In summary: There are two methods to dry peppers: air dry by hanging and oven drying. Both methods require cleaning and cutting the peppers before dehydrating them.
Peppers can be used fresh or dried and add a big punch of flavor to dishes. Dehydrating peppers is a way to preserve them by removing the moisture, concentrating the flavor, and extending their shelf-life significantly.
Almost any type of hot pepper or chili can be dried. Follow the guide below to find out how to dry your own peppers at home.
Can Peppers Be Dried?
Yes, drying peppers significantly extends their shelf life. They can be air-dried, dried in the oven, or by using a food dehydrator. Air-drying them by hanging is best used for chilies with thin flesh and only if you live in a dry climate with warm daytime temperatures (above 85˚F/20˚C). High humidity can cause the peppers to mold before they dry sufficiently.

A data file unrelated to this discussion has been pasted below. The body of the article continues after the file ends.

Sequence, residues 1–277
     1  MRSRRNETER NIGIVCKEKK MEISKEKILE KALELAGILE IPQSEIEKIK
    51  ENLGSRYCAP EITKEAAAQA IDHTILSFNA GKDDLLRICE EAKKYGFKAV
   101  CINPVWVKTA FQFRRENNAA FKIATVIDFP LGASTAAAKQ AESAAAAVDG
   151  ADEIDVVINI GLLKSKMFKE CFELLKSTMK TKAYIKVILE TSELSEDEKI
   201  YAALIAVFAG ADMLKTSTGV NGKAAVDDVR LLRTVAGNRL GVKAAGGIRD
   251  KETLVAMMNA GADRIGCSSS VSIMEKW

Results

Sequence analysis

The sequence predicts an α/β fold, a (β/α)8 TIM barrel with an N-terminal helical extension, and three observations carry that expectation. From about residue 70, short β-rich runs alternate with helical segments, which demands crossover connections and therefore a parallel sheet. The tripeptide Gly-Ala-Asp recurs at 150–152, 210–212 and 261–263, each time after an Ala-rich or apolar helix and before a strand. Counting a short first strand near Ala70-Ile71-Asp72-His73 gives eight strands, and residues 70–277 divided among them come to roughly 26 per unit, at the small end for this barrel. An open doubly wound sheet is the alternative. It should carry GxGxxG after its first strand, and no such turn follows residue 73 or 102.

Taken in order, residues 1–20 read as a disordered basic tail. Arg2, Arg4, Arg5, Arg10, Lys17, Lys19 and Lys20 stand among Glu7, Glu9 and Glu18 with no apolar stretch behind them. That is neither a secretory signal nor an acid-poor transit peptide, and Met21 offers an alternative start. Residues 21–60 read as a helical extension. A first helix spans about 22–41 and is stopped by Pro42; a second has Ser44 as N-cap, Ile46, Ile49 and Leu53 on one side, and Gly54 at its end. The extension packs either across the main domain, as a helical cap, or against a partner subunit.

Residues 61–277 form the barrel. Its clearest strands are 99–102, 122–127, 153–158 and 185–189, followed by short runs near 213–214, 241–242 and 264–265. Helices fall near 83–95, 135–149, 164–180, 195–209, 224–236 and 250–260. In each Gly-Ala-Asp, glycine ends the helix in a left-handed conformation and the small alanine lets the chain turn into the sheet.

Due to their naturally high moisture content, it is important to ensure that the peppers are fully dehydrated before packing them. Any residual moisture will cause them to mold during storage.
The better the quality of the peppers before drying, the better they will be once dehydrated. If they are damaged or have started going bad, don’t use them for drying.
How to Dry Peppers
You can apply these methods below to dry all types of chili peppers, including serrano peppers.
We recommend wearing gloves when handling hot peppers.
Method 1: Air Dry by Hanging
(best for smaller, thin varieties)
Step 1: Clean
Wash the fresh peppers to remove dirt and dry them well with a kitchen towel to remove moisture.